Why women fight other women
Everywhere we turn, women are knifing each other with their eyes, constantly judging and ridiculing each other.
The old adage, “Men can hurt my body, but women can scar my soul,” is one of those undeniable truths all women experience but most easily deny. Because isn’t it easier to blame men for all the injustice, inequality and viciousness we experience rather than assigning blame to our own kind, our own gender, our own sisters?
But everywhere we turn, at home, in high schools and definitely at the workplace, women are knifing each other with their eyes, talking behind their backs, constantly judging and ridiculing each other, and metaphorically pushing each other around.
Whether it’s the mother and daughter-in-law relationship, female friendships in school, or female co-workers, it seems we are constantly pitted against one another. One has to fail, for the other to succeed.
It’s easy to understand this mindset, since there are very few positions of power for women; so of course, women have to fight tooth and nail to get them. And when they do, why would they want to help another to take their throne. No woman helped them get on it, so why should they? And in effect, this vicious circle continues unabatedly and unashamedly, until more and more women fall victim to it.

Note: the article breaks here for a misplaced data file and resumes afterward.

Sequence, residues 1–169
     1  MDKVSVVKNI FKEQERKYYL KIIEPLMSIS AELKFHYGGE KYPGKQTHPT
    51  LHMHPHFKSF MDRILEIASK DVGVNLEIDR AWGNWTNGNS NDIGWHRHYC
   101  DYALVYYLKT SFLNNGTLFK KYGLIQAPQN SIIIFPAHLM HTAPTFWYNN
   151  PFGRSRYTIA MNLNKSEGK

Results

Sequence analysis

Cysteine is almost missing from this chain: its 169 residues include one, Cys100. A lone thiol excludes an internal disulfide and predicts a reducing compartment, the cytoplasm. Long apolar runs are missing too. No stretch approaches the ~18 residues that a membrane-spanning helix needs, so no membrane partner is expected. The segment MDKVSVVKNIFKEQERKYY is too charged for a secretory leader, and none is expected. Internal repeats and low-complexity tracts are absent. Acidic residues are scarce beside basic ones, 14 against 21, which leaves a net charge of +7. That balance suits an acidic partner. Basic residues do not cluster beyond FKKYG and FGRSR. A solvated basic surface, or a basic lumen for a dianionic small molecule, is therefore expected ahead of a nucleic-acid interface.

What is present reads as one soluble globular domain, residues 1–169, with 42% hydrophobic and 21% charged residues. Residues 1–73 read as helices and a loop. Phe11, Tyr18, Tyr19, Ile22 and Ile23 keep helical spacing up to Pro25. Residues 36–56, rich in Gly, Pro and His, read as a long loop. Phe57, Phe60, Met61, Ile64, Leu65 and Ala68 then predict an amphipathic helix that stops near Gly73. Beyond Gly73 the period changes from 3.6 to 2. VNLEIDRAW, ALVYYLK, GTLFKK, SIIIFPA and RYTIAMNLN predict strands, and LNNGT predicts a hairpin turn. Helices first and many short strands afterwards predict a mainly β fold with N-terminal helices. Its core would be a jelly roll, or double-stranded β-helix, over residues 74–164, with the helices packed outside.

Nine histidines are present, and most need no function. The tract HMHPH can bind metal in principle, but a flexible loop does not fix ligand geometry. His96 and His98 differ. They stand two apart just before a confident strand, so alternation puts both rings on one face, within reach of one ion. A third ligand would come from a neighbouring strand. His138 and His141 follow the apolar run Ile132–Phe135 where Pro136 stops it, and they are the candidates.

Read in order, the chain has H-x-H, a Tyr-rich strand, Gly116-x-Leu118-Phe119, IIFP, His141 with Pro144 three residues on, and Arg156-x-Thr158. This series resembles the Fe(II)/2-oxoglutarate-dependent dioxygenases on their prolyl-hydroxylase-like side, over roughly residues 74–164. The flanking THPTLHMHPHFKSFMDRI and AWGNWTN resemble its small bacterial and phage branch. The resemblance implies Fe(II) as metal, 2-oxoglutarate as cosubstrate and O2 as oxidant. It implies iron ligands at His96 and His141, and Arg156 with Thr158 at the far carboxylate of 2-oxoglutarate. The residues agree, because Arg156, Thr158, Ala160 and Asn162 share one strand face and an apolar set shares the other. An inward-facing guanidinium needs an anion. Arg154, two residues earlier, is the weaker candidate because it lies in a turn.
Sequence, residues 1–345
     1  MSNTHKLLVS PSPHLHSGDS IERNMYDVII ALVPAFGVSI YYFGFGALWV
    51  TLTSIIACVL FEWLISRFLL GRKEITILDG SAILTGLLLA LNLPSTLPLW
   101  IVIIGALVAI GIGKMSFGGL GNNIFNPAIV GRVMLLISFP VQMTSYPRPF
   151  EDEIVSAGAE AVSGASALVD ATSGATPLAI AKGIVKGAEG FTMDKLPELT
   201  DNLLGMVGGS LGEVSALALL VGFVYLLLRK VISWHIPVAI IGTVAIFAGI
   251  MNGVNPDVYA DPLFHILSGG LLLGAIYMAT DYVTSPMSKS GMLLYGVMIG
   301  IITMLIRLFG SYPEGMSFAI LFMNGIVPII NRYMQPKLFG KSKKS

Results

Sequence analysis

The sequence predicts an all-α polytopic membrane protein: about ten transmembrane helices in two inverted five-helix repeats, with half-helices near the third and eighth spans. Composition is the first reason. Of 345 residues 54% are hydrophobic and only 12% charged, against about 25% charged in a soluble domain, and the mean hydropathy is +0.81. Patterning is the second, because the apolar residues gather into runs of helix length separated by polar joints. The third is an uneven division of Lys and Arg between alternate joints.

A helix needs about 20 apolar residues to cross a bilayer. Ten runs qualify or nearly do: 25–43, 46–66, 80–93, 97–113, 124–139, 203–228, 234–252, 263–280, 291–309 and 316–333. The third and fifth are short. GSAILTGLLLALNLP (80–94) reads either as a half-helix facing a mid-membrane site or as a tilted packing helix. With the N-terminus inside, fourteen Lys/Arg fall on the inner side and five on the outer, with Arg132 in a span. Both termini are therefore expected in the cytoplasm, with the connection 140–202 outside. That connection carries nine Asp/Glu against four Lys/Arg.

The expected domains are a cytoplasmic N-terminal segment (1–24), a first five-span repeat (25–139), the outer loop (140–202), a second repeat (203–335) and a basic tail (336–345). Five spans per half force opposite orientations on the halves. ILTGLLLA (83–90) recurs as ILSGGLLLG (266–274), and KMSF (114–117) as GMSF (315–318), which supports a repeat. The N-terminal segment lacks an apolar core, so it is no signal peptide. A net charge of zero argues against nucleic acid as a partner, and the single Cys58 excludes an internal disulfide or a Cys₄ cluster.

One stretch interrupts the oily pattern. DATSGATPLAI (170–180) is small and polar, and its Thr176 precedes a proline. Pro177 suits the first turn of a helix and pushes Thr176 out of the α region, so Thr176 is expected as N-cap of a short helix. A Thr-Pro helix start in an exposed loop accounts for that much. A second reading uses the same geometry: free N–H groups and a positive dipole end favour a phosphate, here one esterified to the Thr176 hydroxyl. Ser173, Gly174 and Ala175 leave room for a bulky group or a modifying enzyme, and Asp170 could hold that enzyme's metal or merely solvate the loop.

The common perception seems to be that female bosses are ‘backstabbing’, ‘easily threatened’, ‘emotionally unpredictable’ or ‘irritable’. In fact, according to a survey carried out by the American Management Association, “95 per cent of women felt undermined at some point in their career by other women”.
A study by a PhD student at the University of Texas-Austin claimed that women primarily dress up and own “nice things” in order to impress other women.
All this brings me back to the same question. When men cause women damage in their own ways, then why does the wound caused by a woman hurt more? Is it because we trust each other? Or is it because we are close to them?
I think it’s because we expect better from them. It’s because we expect them to understand our pain and struggle. It’s because we expect more empathy from them.
It’s because they’re us and we’re them.
Read more by Saba here.